RUTENBERG, PINḤAS (Piotr; 1879–1942), prominent figure in the revolutionary movement in Russia, yishuv leader, and pioneer of modern industry in Ereẓ Israel. Born in Romny, Ukraine, Rutenberg graduated from St. Petersburg Technological Institute and was first employed at the large Putilov metallurgical works. As a student he became active in the revolutionary movement (first as a Social Democrat and then a Social Revolutionary) and was imprisoned several times. He marched with Father Gapon on "Bloody Sunday," which ushered in the 1905 Revolution, and helped Gapon flee from Russia. A year later, when the Social Revolutionaries came to the conclusion that the priest was serving as a police agent, Rutenberg was instructed by the party to organize Gapon's execution. He spent the years 1907–15 in Italy, working as an engineer and specializing in irrigation. During the latter part of this period, he became interested in Jewish affairs, and after the outbreak of World War I he went to London to urge Zionist leaders to raise Jewish military units for the liberation of Palestine. When he learned of Vladimir *Jabotinsky's interest in the matter, Rutenberg contacted him to assure joint action
With the overthrow of czarist rule in Russia at the beginning of 1917, Rutenberg left the U.S. for Petrograd, where Kerensky appointed him deputy governor of the capital in charge of civilian affairs. During the Bolshevik coup, on Nov. 7, Rutenberg, was among the last defenders of the site of the provisional government in the Petrograd Winter Palace. Some six months of imprisonment followed, after which he went to Moscow to work for the Center of the Russian Cooperative Organizations, and soon escaped to Kiev, capital of the temporarily independent Ukraine. At the end of 1918, he left for Odessa, where he joined a French-sponsored "White" Russian government that did not last long. By the middle of 1919, Rutenburg left Russia forever. When he came to the conclusion that there was antisemitism even in revolutionary movements, he went to Palestine (November 1919).
With some aid from the Zionist Organization, Rutenberg organized a survey of the country's water resources, mainly of the Jordan River, as a prerequisite to obtaining a government concession to develop the potential of these resources and supply the country with power. For practical reasons, stress was laid on the hydroelectric aspects of his planning, and the proposal was then brought before the first postwar Zionist Conference in London (1920). Together with Jabotinsky, Rutenberg organized the self-defense in Jerusalem at the time of the Arab riots in 1920; in 1921 he became head of Haganah in Tel Aviv and also served as adviser to the Anglo-French commission for the delimitation of Palestine's northern boundaries.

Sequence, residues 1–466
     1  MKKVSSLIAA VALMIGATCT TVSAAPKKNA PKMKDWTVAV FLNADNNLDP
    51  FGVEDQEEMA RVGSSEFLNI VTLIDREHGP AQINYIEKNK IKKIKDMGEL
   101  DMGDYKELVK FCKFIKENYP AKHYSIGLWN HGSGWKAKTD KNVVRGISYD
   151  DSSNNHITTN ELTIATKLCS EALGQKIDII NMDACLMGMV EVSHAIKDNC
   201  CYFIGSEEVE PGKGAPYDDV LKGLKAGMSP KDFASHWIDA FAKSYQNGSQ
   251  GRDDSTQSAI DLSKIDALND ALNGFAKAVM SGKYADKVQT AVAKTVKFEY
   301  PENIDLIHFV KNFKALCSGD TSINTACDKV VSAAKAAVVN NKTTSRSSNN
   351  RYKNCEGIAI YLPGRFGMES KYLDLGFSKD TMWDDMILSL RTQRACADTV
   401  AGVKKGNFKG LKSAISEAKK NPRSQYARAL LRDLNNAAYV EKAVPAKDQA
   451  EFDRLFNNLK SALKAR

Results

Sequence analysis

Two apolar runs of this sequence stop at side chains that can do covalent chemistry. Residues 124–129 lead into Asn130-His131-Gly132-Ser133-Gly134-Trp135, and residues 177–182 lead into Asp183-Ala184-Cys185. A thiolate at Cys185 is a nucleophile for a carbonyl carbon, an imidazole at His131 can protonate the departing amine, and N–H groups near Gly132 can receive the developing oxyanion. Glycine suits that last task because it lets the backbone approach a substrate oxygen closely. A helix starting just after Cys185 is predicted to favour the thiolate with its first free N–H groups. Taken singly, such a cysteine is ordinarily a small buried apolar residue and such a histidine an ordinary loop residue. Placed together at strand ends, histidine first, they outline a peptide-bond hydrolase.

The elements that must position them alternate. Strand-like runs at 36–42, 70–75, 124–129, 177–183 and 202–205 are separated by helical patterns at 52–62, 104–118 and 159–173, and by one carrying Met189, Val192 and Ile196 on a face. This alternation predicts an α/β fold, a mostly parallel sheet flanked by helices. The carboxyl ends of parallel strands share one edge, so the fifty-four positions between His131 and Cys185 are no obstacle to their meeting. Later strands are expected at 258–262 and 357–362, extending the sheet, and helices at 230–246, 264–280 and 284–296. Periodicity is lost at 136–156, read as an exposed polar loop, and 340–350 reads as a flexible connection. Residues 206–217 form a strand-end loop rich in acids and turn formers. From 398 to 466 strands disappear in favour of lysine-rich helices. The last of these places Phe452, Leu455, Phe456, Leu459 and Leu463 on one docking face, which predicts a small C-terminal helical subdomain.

After he overcame great financial and political difficulties, Rutenberg established the Palestine Electric Company (1923), which was subsequently granted a concession to use the waters of the Jordan and Yarmuk rivers for the supply of energy (see Israel, State of: *Economic Affairs (Energy Sources). Initial successes enabled him to secure the services of outstanding personalities as heads of the company's board: Lord Melchett, Lord Hirst, Lord *Samuel, and Lord *Reading. Preoccupied with company affairs, Rutenberg could no more than follow, and indirectly influence, internal affairs of the yishuv, but in the crisis year 1929 he was called upon to head the Va'ad Le'ummi and use his considerable influence with the Mandatory administration. He left the Va'ad Le'ummi after the crisis had passed, but joined it again in 1939. In the 1930s he cooperated with a number of other Jewish personalities (including Judah L. *Magnes, M. *Novomeysky, Moshe *Smilansky, G. *Frumkin) in search of a program for Arab-Jewish understanding. Though he had the ear of King *Abdullah of Transjordan, nothing came of his efforts. Domestically, Rutenberg sought to remove the acute friction between the *Histadrut and the *Revisionists. Through his good offices, David *Ben-Gurion and Jabotinsky negotiated an agreement in 1934 which failed, however, to be ratified by the Histadrut. At the beginning of World War II, he again became president of the Va'ad Le'ummi but his health soon failed, and he died in Jerusalem. Before his death, Rutenberg addressed a special call for national unity to Jewish youth and willed his possessions to the Rutenberg Foundation for youth activities; his house on Mount Carmel subsequently became a large and active youth center.
Y. Yaari-Poleskin, Pinḥas Rutenberg, ha-Ish u-Fo'olo (1939); L. Lipsky, Gallery of Zionist Profiles (1956), 124–8; H. Sacher, Zionist Portraits and Other Essays (1959), 99–101; M. Sharett, Yoman Medini 1936 (1968), index.
Source: Encyclopaedia Judaica. © 2008 The Gale Group. All Rights Reserved.